Some characters were carefully developed—I thought the daughters and their issues were both unique and fascinating—while the author’s revelations about other people were more circumspect, which worked in some instances and not at all in others. (Fiona! don’t be a stranger!) The secrets were interesting, the hints of bigger doings along the way kept me reading, and the reveals and the ending…well, you’ll have to decide for yourself.

But…to call this a thriller seems a little over the top.

I have so far read five books by Sally Hepworth, and my reactions have been mixed. I loved one (The Good Sister), disliked one (The Mother-in-Law), and was a fan (with some reserves) of the other three (this being one). But just to be clear, regardless of how breathless you become at the revelation of the secrets, my contention is that these are relationship fiction, not thrillers or suspense; they just don’t meet the criteria. So read and enjoy them for what they are (except for The Mother-in-Law, which I thought was fairly dreadful, although I am in the minority), but don’t expect them to be more.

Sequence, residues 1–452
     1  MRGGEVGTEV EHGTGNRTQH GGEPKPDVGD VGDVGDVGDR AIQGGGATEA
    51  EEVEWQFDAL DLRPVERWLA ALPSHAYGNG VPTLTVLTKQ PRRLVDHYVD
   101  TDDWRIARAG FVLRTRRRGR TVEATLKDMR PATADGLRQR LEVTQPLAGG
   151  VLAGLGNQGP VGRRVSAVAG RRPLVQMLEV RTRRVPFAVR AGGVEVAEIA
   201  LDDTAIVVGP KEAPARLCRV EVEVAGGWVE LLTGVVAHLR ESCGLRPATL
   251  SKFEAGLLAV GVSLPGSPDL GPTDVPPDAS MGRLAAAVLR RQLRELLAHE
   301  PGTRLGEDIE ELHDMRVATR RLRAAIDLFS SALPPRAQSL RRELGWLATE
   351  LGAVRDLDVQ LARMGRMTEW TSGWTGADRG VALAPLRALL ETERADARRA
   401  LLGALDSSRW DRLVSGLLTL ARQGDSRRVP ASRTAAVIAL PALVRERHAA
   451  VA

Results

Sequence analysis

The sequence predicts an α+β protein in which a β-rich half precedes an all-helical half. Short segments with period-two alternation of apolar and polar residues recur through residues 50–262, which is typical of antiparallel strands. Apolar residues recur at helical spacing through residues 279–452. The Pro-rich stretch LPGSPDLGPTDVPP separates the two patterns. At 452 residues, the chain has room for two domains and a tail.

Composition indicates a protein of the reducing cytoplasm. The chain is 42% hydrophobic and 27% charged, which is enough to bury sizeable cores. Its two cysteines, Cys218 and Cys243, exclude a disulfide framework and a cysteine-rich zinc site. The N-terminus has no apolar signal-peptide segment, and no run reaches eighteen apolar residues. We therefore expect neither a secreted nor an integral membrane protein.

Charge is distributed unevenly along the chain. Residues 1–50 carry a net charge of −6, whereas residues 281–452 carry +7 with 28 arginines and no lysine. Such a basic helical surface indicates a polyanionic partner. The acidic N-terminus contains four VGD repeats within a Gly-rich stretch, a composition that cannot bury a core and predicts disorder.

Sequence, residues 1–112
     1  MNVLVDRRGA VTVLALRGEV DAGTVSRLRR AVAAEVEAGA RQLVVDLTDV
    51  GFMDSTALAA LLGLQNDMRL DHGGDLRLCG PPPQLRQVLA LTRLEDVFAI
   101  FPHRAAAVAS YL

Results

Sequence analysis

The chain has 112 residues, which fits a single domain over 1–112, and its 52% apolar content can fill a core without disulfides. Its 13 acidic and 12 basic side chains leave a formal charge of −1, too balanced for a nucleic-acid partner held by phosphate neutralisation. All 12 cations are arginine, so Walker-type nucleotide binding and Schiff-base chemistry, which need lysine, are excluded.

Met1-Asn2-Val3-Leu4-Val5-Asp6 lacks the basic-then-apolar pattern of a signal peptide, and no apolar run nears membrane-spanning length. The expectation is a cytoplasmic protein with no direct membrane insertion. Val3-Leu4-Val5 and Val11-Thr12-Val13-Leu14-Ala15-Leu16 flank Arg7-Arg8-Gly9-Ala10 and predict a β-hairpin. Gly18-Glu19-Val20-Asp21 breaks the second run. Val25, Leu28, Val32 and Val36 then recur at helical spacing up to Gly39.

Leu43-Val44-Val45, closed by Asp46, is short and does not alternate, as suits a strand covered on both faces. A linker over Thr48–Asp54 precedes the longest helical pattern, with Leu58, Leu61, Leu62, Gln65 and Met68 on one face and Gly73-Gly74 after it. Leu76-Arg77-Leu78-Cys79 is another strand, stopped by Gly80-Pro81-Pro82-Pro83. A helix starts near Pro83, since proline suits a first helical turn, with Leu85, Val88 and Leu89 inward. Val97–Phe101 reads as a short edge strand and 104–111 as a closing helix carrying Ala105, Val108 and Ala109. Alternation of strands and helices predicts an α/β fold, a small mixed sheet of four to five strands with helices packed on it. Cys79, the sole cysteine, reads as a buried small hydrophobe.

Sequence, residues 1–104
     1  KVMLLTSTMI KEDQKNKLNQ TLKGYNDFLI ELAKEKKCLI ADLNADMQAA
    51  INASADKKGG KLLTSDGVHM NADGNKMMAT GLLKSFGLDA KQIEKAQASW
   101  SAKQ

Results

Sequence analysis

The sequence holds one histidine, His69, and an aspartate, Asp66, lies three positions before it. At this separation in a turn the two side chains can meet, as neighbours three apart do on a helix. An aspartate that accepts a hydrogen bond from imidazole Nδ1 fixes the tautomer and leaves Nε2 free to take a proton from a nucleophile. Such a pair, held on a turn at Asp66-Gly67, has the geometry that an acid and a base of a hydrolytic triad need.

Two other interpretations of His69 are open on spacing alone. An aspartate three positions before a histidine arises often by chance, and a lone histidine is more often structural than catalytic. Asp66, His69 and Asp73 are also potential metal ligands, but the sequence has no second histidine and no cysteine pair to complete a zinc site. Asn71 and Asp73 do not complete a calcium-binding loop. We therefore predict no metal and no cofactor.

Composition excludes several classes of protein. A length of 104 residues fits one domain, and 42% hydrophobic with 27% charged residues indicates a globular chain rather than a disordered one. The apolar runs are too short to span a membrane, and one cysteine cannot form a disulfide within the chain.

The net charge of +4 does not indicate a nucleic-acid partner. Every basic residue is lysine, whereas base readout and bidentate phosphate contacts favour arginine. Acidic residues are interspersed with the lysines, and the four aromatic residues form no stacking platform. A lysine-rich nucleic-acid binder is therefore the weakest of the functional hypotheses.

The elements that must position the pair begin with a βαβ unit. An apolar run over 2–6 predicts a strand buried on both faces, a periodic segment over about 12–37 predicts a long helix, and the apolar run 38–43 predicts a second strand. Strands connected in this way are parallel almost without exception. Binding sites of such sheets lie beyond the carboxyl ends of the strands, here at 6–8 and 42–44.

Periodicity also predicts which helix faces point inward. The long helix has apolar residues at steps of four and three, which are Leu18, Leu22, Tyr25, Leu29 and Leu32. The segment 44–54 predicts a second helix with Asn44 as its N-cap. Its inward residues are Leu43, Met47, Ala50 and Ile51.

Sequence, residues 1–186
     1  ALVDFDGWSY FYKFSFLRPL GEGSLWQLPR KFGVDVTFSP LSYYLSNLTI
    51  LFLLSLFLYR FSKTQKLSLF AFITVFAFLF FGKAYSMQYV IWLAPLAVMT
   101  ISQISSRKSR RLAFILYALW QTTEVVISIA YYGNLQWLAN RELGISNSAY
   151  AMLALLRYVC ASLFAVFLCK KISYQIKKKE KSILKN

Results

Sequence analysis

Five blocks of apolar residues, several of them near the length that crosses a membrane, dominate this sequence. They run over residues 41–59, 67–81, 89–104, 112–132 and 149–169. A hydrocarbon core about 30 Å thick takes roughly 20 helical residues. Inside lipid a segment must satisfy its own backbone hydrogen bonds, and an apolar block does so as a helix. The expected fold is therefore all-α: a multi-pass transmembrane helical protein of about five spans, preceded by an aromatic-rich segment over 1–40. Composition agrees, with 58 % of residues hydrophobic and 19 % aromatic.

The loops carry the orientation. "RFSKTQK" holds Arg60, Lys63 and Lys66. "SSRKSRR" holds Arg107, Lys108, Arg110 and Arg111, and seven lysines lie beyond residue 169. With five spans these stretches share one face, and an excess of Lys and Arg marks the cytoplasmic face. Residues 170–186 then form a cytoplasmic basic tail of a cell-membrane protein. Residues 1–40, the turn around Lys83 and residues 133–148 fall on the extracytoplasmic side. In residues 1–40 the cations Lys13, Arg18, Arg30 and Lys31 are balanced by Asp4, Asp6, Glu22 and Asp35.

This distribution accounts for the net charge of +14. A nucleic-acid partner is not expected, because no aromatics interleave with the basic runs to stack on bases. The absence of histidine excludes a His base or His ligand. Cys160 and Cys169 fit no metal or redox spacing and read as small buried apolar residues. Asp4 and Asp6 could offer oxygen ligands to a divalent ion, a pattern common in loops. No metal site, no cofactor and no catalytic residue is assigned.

It’s thriller time

I’m not usually an avid reader of thrillers, but after my extremely positive reaction to Jennifer Hillier’s Little Secrets, I wanted to see if she (and I) could repeat the experience, so I checked out Things We Do In the Dark. And although I didn’t love it quite as much (I liked the set-up and characters in Little Secrets better), it turned out to be a similarly riveting read with some fascinating characters, unexpected twists, and a great ending.

Things look bad for Paris Peralta. She’s been married to a wealthy, successful man more than 30 years her senior for just a few short years, and now he’s dead and she’s been accused of his murder. But as horrifying as this is to Paris (especially since she didn’t do it), it’s not the worst eventuality she is anticipating as a result of all the publicity surrounding Jimmy’s death. Paris has a past full of secrets she doesn’t want exposed, and there is one specific person who knows who she was and what she did. Paris thought she was safe from Ruby Reyes, who was serving a life sentence for committing a murder of her own, 25 years ago, but now Ruby is unexpectedly out of prison early and is all too ready to exploit her knowledge about Paris’s past to get what she wants. And she may not be the only person from back then who is a threat to Paris—having your picture on the cover of every magazine in town when you’re trying to maintain a low profile can be hazardous!

The minute I finished this, I went to the online library to put a hold on the e-book for Hillier’s Jar of Hearts. She has a new fan.